Guest Blog: LICH’s Dr. Jason Hershberger on Depression and Its Treatment

Brooklyn Heights resident Jason Hershberger, MD is Chief of Psychiatry, Downstate Long Island College Hospital (LICH). In light of recent events in our community, we invited him to shed some light on depression, an important public health issue.

There is a growing understanding in this country that depression is an illness that requires treatment. Much of the stigma of the past has given way to the reality that many of us will seek out medical help for depression at some point in our lives. We now understand that depression is about as common as high blood pressure and just as responsive to treatment. Many Americans have included treatment for depression as part of their routine to stay healthy, and now antidepressants are the most common medications prescribed in America.

While we may appreciate these facts when they apply to others, when we find ourselves depressed we too often delay treatment. Sometimes we delay treatment because we don’t want to acknowledge that we are depressed; sometimes it is because the illness tries to convince us that our problems aren’t important enough, or that treatment won’t work.

So what is depression? It is more than just feeling sad, it’s a sadness that you can’t shake no matter how hard you try or how long you wait. Depression can rob you of your ability to think, work, love, and enjoy life. It can make you feel like your body is made out of lead, and your head is filled with cement. Depression is not rare. According to National Institute of Mental Health, 6.7% of Americans suffer from an episode of major depression each year, and depression is the leading cause of disability for young adults. Even today, we estimate that less than half of the people who suffer from depression get help for it. We can do better.

If you recognize these symptoms, get help now:
· Feeling sad most of the time for weeks at a time
· Finding yourself unable to enjoy what used to be fun
· Feeling guilty, hopeless or helpless
· Being unable to concentrate
· Sleeping too little or too much and feeling tired all the time
· Eating too much, or too little, with a significant change in weight.
· Having morbid thoughts about death and a bleak future
· Thinking about suicide

Suicide is the most frightening and dangerous symptom of depression. Eleven in 100,000 Americans die of suicide each year, making it the 10th leading cause of death in our country. For young people ages 15-24 suicide is the third leading cause of death. The major risk factor found in the majority of suicides is major depression followed by the combination of depression with alcoholism.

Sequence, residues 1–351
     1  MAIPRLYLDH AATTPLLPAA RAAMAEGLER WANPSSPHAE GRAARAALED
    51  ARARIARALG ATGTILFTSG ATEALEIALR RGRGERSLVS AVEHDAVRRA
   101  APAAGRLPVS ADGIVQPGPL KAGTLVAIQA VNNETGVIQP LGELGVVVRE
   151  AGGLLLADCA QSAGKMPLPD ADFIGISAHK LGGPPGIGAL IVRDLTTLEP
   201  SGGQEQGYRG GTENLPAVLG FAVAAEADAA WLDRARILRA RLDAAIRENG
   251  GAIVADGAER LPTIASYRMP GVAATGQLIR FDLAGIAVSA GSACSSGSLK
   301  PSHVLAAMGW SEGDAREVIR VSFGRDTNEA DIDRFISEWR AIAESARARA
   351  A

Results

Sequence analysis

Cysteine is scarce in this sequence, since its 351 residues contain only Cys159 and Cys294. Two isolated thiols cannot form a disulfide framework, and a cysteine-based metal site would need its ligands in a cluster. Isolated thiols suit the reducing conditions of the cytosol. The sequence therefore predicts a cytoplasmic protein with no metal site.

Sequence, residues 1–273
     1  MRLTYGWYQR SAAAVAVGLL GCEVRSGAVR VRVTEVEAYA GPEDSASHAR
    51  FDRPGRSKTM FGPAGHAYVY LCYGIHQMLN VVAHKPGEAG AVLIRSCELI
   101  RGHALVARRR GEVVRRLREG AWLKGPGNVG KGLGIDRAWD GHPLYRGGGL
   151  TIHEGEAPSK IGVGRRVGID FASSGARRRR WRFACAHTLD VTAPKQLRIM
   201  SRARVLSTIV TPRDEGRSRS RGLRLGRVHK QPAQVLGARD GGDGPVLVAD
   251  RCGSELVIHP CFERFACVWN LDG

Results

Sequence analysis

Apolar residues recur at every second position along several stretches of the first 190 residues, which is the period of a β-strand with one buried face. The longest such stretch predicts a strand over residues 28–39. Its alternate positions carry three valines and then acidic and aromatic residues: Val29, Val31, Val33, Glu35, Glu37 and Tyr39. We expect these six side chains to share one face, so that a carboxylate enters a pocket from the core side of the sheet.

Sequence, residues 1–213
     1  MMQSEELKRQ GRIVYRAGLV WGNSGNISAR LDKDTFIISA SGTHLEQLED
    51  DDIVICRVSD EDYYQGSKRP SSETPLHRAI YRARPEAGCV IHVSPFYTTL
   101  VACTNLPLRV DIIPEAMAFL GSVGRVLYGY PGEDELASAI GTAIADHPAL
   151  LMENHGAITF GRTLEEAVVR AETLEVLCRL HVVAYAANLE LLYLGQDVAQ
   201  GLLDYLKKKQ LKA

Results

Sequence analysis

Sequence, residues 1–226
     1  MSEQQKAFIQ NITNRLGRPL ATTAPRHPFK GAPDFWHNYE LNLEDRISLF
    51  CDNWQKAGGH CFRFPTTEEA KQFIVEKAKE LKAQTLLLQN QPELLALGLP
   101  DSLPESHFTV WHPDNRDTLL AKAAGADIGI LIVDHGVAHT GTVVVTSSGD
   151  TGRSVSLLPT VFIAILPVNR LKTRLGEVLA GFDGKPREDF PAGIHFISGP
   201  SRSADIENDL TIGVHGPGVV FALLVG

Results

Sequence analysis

The good news is that there are effective treatments for depression – no one has to live with it. The first step is asking for help, something that can be hard to do if you are feeling hopeless, but something that is necessary. Ask your doctor, or reach out to a mental health provider. More than 70% of people with depression say “I feel like myself again” after only three months of treatment. Almost everyone gets significant relief. Treatments can include talk therapy and medication. With some patients, both are used together.

If you do not suffer from depression but are concerned about someone important to you, help them take the first few steps to meet with a behavioral health professional. Depressed and demoralized people have trouble getting the health care they need and deserve – you can be an important support and advocate for them.

The Department of Psychiatry at Downstate Long Island College Hospital includes inpatient, outpatient and emergency psychiatric services. For physician referral please call (888) 270-SUNY(7869), or visit us at www.downstate.edu/LICH.

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  • AnnOfOrange

    Thanks BHB for seeking professional comment on the subject of depression. Friends, colleagues and acquaintances grieve for the loss of the two Brooklyn Heights people who died so tragically. From reading the BH blog comments, it seems to me that it might be helpful to ask Dr. Hershberger to write about normal and abnormal reactions to such events, how to cope and, most important, how to relate to the bereaved families. Perhaps he would provide some appropriate links.

  • http://www.downstate.edu/LICH Zipporah Dvash

    We commend the BHB for responding to a community need and asking Dr. Hershberger to submit this guest blog. Downstate LICH doctors are always happy to do this.
    Zippi Dvash
    Public Affairs * Downstate LICH

  • Jason Hershberger, M.D.

    Dear Ann:

    Sadly too many people are affected by suicide, and when that happens it is hard to know where to start. The one thing I would say is that there really aren’t “abnormal” reactions to such a tragedy and that healing from such a loss is a process that can take a lifetime. Remember, grief can’t be rushed and it must follow its own course. That said, the American Foundation for Suicide Prevention is an excellent resource for people looking for support and guidance.

    Dr. Hershberger